Jonathan Martinis, Senior Director for Law and Policy for the Burton Blatt Institute at Syracuse University, will be the keynote speaker at the Nov 18 Transition Summit at the Grappone Center in Concord, NH.
In 2013, Jonathan represented Margaret “Jenny” Hatch in the “Justice for Jenny” case – the first trial to hold that a person has the right to use Supported Decision-Making to make her own life choices instead of being subjected to a permanent, plenary guardianship. Since then, Jonathan has led SDM projects in New York, Nebraska, Ohio, California, Virginia, Vermont, Missouri, and Kansas. He has also educated and trained tens of thousands of older adults, people with disabilities, families, and professionals across the country on SDM theory and practice. Jonathan has written or co-written over 60 publications on SDM, including the first textbook and first theory-to-practice guidebook on the subject. In his position with Syracuse University, Jonathan leads its efforts to ensure that older adults and people with disabilities have access to the services and supports they need to lead independent, inclusive lives.
As well as the keynote address, Jonathan will also lead a closing session.
Keynote Session featuring Jonathan Martinis
“Supported Decision-Making: From Justice for Jenny to Justice for All”
Study after study has shown that when people with disabilities have more control over their life and make more decisions for themselves – when they have more self-determination – they have better lives. People with disabilities who are more self-determined are more likely to live independently, work, be integrated into their communities, and avoid abuse.
This session will introduce the audience to the theory and practice of Supported Decision-Making (SDM). When people with disabilities use SDM, they work with friends, family, and professionals so they can understand their choices and make their own decisions. As a result, SDM can help people be self-determined, have better life outcomes, and avoid unnecessary guardianship!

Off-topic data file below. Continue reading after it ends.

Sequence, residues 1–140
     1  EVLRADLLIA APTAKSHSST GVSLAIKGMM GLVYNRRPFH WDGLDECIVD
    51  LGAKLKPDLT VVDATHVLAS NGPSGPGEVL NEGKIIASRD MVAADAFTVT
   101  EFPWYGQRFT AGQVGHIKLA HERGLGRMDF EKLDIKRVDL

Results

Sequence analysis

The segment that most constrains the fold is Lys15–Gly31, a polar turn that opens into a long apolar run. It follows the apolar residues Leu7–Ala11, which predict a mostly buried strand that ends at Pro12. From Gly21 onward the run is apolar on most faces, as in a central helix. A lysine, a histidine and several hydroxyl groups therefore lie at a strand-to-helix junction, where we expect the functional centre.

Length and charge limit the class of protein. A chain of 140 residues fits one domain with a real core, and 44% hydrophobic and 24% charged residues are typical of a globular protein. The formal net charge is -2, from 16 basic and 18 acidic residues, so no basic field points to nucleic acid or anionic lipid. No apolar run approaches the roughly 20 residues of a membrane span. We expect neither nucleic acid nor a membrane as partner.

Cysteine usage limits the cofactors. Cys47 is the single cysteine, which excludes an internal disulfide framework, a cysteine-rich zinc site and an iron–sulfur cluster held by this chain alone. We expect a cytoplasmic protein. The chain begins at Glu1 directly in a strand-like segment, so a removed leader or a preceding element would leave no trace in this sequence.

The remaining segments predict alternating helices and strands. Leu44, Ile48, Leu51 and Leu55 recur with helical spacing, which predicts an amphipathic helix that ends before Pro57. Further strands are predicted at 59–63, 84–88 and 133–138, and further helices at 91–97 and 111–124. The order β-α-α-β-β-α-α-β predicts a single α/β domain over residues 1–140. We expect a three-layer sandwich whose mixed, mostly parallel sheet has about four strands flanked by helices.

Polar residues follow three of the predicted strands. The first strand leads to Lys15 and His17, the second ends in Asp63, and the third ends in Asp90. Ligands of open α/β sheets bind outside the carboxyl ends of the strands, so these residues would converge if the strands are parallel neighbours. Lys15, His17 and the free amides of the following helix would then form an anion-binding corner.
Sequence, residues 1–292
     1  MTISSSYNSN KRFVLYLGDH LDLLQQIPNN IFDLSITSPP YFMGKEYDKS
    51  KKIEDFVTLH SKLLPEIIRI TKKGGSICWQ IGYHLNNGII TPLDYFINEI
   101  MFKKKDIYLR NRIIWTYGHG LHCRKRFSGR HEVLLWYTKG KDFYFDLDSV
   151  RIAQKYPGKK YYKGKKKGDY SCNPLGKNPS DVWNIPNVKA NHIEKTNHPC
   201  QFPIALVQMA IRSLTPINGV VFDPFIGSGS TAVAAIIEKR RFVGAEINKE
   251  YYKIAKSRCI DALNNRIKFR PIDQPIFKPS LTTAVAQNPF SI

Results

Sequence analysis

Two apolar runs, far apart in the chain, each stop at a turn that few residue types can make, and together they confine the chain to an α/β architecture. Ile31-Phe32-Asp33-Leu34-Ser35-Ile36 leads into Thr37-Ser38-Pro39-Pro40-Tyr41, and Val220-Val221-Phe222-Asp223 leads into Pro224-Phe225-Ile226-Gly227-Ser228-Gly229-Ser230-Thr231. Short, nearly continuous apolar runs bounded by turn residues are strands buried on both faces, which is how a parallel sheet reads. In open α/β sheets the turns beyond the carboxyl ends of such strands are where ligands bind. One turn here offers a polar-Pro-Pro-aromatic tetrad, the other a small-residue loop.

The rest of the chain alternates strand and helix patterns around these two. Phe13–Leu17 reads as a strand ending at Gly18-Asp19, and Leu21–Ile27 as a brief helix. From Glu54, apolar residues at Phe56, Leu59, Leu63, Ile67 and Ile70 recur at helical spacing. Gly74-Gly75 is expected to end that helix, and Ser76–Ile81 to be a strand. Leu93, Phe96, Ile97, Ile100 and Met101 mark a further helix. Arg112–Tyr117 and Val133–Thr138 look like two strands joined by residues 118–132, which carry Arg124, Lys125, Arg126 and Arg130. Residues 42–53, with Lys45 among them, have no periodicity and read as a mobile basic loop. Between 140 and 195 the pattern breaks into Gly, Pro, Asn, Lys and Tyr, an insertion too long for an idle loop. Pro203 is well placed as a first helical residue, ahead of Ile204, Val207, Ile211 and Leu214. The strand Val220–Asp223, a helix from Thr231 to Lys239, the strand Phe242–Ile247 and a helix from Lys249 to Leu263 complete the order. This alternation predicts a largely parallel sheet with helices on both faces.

Closing Session featuring Jonathan Martinis
“Creating a Shared Route to Student Success: The Culture of Coordinated Support Model”
Jonathan will help you apply what you’ve learned about NH services and resources to helping students navigate these same services. Too often, services for people with disabilities are “silo-ed” – agencies, organizations, and providers focus only on what they do and do not communicate or collaborate with others providing similar supports. As a result, people with disabilities can receive ineffective, redundant, or even contradictory advice and support.
This session will demonstrate ways to create and implement effective and efficient support plans and services. Using the Culture of Coordinated Support Model, based on SDM, people can improve their services and ensure that providers work together, allowing them to specialize in the areas where they perform best – so people and providers can do better work in less time, with less effort and waste of resources.
Registration deadline is November 4. Registration and lots more details